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Last year, the GeForce RTX 4090 video card gained immense popularity in China, as a component for homemade computing accelerators. This led to US sanctions on these products. Insider sources claim that the popularity of these makeshift accelerators only grew in December, presenting a viable temporary solution for local developers.
Conversion of NVIDIA Video Cards into Accelerators
According to the Financial Times, numerous Chinese companies continue to convert NVIDIA’s gaming video cards into makeshift computation accelerators. These units are utilized for training large language models. They might not have the efficiency of NVIDIA’s officially produced units, but these have been banned in China since October. Its sanction-adapted variants H20, L20, and L2 won’t be available earlier than March.
Chinese customers are skeptical of these “official” computation accelerators due to their significantly reduced performance and high pricing. However, their “gaming alternatives” also present a flaw — they lack support for high-speed network interfaces needed for forming computational clusters in the server infrastructure of AI systems.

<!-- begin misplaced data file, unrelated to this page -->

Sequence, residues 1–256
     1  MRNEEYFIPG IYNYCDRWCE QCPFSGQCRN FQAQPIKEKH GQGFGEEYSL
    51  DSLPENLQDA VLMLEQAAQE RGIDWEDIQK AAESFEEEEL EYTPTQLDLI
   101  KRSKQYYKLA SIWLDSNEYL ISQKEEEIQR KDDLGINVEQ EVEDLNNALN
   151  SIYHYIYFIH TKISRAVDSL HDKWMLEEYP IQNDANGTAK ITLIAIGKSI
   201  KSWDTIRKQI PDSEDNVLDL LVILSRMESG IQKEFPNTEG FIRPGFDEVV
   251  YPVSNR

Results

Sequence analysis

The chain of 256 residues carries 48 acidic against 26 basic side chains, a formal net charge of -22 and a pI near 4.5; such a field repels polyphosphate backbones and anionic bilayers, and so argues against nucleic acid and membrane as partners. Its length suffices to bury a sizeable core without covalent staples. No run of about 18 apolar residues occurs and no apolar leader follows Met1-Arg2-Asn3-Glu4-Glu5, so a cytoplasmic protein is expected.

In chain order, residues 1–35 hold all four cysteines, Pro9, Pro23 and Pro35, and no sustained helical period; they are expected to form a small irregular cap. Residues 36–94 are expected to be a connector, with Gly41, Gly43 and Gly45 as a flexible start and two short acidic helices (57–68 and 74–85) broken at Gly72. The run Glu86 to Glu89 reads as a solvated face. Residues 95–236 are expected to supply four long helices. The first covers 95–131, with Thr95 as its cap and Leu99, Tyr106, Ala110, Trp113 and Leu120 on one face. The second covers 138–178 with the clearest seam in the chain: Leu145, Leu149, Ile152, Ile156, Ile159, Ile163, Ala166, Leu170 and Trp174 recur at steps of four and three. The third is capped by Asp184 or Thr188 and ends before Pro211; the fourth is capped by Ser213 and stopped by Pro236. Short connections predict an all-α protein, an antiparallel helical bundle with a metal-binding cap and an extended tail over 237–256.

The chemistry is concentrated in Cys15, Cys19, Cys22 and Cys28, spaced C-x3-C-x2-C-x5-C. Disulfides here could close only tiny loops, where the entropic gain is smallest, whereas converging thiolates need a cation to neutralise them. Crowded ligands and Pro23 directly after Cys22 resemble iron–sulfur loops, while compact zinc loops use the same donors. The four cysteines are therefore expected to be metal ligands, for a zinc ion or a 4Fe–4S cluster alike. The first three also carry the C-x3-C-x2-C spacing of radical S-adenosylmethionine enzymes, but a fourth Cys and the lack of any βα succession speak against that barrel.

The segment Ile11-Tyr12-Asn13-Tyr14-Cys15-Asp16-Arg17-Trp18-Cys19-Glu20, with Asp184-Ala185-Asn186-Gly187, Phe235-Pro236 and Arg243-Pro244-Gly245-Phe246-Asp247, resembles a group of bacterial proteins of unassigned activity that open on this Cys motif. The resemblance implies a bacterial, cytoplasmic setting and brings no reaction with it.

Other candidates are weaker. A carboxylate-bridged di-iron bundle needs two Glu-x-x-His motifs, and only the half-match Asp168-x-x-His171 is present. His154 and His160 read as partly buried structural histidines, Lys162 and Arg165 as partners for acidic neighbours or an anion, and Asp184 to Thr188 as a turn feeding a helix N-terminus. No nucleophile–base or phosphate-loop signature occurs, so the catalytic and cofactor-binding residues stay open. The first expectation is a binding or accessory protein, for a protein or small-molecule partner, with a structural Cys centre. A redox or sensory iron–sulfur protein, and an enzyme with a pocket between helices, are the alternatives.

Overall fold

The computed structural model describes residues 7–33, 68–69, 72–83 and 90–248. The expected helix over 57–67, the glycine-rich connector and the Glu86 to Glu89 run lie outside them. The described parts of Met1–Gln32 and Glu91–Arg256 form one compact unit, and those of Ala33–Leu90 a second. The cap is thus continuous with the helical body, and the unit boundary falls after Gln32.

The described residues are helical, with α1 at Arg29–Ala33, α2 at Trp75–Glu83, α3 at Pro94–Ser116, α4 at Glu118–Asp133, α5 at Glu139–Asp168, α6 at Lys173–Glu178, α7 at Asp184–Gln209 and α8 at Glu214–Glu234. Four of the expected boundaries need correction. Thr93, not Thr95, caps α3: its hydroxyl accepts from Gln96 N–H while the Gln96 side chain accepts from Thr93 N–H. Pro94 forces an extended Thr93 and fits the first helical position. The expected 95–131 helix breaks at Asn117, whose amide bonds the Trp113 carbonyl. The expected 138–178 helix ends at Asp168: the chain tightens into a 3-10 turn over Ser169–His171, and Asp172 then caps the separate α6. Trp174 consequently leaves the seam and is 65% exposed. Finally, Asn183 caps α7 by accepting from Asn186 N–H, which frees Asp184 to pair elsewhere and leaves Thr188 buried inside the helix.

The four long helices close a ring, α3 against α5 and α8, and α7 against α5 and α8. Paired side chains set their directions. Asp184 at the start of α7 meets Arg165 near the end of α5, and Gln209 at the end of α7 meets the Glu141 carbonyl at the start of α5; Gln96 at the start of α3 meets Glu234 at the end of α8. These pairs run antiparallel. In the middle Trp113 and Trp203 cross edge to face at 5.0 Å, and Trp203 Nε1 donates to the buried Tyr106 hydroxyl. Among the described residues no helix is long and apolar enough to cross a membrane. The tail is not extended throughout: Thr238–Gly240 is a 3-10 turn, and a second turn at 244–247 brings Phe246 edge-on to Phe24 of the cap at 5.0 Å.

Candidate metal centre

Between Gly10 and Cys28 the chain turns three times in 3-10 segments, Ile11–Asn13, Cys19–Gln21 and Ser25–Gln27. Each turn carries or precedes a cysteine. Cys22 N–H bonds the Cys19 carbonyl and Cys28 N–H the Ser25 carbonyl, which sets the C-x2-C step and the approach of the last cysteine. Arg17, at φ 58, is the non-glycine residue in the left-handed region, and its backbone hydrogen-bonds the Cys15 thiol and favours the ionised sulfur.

Chinese Demand for Makeshift Accelerators
Financial Times reports that in December, one of the Chinese firms specializing in such conversions increased their production volume by more than fourfold compared to November. They show no signs of slowing down, despite new US restrictions against China implemented in October. The primary consumers of these homemade accelerators are either government organizations or small AI system developers that failed to stock up on full-fledged NVIDIA accelerators before the sanctions took effect. Thousands of NVIDIA gaming video cards undergo this transformation every month.
Evaluation of GeForce RTX 4090D
The GeForce RTX 4090D, a gaming video card made available on the Chinese market after the ban on the full-fledged GeForce RTX 4090, exhibits a performance deficit of more than 5%. Therefore, makeshift accelerator manufacturers are still assessing this new product. Until worthy domestic alternatives to the imported NVIDIA accelerators are developed, local developers are ready to settle for these compromise solutions.
NVIDIA commented on the Financial Times’ publication: “Dismantling gaming video cards isn’t a viable method for creating data processing centers for artificial intelligence work, as (gaming products) were designed, manufactured, and released in the market for individual gaming enthusiasts and consumers.”